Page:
All strepsirrhines in Africa and Asia are nocturnal and solitary. Their body sizes don’t range as greatly as the lemurs, and neither do their diets. For the most part, the diet of lorises, pottos, and galagos consist of fruits and insects. A couple of species eat more gum, but overall the diet of this group is fairly narrow when compared to the Malagasy lemurs. Lorises and pottos are known for being slow, quadrupedal climbers, moving quietly through the forests to avoid being detected by predators (Figure 5.18). Because they are not fast moving, these strepsirrhines have developed alternative defenses against predators. Lorises, for example, eat a lot of caterpillars, which makes their saliva slightly toxic. Loris mothers will then bathe their young in this toxic saliva, thus making the babies unappealing to predators. In comparison to the slow-moving lorises and pottos, galagos are active quadrupedal runners and leapers that scurry about the forests at night. Galagos make distinctive calls that sound like a baby crying, which has led to their nickname “bushbabies.” Figure 5.19 summarizes the key differences between these two groups of strepsirrhines.
Lorises, Pottos and Galagos
|Geographic range||Madagascar||South and Southeast Asia and Central Asia|
|Activity patterns||Diurnal, nocturnal or cathemeral||Nocturnal|
|Dietary types||Insectivore, frugivore or folivore||Insectivore, frugivore|
|Social groupings||Solitary, pairs, or small to large groups||Solitary|
|Forms of locomotion||Vertical clinger leapers, quadrupedal||Slow quadrupedal climbers and active quadrupedal runners|
Figure 5.19 Strepsirrhini at a glance: This table summarizes the key differences between the two groups of strepsirrhines.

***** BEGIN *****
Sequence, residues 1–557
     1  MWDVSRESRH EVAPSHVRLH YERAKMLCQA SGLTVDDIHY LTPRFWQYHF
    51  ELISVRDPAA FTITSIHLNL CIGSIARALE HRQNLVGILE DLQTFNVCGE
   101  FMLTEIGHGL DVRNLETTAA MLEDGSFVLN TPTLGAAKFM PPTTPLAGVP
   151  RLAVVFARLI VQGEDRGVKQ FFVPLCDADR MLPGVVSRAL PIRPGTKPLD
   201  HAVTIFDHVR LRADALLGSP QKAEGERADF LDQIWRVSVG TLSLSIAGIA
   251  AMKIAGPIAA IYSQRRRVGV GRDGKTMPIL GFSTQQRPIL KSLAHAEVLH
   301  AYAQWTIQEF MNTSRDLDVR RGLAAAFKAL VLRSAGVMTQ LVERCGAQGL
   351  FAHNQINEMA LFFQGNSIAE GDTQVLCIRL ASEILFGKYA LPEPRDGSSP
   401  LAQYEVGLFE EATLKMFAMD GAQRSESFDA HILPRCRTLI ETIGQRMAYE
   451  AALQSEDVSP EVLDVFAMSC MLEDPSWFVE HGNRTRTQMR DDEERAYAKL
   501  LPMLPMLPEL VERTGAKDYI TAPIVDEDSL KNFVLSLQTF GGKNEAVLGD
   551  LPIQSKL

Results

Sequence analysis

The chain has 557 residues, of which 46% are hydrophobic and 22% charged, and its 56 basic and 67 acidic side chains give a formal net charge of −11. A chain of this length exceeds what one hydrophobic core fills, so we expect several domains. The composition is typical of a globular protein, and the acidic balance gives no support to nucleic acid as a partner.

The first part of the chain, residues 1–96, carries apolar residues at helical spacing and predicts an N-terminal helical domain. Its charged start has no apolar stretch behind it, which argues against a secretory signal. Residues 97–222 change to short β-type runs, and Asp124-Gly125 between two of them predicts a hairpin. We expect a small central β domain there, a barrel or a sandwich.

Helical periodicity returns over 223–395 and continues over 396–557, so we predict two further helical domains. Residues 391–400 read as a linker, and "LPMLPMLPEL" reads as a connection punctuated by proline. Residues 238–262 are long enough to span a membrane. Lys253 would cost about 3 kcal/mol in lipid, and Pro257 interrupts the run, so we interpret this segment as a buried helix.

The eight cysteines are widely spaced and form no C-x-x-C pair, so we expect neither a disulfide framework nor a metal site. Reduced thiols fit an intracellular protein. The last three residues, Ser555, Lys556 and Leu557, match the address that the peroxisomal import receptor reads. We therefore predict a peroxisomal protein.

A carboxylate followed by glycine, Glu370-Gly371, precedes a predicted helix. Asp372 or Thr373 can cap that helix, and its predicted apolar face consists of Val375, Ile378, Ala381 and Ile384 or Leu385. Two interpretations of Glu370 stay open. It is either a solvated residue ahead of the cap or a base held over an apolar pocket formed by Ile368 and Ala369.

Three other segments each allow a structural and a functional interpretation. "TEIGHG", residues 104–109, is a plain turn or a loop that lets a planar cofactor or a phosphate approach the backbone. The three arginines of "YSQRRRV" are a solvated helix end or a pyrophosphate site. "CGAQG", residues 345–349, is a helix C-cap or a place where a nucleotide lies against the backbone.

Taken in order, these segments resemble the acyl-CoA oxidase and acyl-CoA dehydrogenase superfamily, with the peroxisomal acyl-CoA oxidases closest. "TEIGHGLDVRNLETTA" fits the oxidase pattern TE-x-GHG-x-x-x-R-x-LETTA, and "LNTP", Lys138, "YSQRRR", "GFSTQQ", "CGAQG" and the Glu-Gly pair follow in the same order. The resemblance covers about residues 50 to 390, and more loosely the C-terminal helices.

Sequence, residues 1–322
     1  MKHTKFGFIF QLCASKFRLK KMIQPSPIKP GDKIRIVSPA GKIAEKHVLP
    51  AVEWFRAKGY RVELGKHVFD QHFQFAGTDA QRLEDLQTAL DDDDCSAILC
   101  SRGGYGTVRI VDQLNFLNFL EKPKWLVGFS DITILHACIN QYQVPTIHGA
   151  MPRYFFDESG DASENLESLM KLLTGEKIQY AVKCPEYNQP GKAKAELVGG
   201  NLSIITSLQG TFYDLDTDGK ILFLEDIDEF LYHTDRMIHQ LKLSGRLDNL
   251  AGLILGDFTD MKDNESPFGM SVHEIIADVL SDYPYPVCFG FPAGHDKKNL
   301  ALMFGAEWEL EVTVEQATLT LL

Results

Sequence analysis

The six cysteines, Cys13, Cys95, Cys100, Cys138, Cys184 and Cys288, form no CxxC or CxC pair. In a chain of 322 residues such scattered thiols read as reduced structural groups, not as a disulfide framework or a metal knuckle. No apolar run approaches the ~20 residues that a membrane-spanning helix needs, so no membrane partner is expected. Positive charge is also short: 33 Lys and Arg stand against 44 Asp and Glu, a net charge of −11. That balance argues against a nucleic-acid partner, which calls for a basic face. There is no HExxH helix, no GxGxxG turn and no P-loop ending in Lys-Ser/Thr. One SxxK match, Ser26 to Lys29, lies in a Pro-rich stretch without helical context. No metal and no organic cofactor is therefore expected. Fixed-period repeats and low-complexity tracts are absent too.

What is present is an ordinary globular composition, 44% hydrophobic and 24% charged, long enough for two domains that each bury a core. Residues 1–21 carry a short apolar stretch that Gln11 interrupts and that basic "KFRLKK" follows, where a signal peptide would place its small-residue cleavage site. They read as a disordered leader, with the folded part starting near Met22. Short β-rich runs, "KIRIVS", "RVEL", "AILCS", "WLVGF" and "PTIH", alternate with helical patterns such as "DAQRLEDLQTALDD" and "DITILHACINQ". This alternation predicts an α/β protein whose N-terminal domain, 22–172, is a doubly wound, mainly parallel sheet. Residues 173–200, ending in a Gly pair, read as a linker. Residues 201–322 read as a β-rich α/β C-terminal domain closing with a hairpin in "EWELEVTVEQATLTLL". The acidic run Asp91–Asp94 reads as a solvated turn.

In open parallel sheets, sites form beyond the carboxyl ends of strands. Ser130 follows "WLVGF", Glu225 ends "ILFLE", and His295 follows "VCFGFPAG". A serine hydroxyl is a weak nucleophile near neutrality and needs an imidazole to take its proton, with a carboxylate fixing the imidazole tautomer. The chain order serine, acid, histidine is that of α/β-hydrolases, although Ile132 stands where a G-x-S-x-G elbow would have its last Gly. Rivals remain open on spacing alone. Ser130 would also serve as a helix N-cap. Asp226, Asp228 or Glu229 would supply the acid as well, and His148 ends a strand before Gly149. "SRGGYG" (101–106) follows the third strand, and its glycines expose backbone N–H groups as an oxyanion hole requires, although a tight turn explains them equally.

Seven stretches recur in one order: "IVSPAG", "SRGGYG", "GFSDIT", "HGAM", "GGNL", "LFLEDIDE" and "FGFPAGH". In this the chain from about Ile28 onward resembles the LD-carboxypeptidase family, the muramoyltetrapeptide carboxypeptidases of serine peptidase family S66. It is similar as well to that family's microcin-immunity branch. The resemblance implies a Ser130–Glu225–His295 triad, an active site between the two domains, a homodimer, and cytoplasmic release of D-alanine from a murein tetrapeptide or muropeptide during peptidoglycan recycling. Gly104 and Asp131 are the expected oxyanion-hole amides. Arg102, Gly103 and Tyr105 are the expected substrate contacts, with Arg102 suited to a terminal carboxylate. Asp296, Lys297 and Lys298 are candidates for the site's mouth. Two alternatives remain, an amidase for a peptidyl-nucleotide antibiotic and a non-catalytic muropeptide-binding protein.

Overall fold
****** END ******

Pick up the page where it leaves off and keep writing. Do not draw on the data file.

When the strepsirrhini and haplorrhini split from one another, strepsirrhines retained more primitive traits (those likely present in the last common ancestor), while haplorrhines became quite different, developing many derived traits. Thus, all of the traits discussed below are considered derived traits.
As mentioned earlier, the visual systems of haplorrhines are more developed than those of strepsirrhines. Many haplorrhines are trichromatic and, with one exception that will be discussed shortly, all have full postorbital closure (Figure 5.1). This increase in bony closure around the eye protects the more convergent eyes that haplorrhines possess. Haplorrhines also evolved to have a , a depression in the retina at the back of the eye containing concentrations of cells that allow us to see things very close up in great detail. The heavier reliance on vision over olfaction is also reflected in the shorter snouts ending with the (no rhinarium) of haplorrhines. All but two genera of living haplorrhines are active during the day, so this group lacks the tapetum lucidum which is so useful to nocturnal species. On average, haplorrhines also have larger brains relative to their body size when compared with strepsirrhines.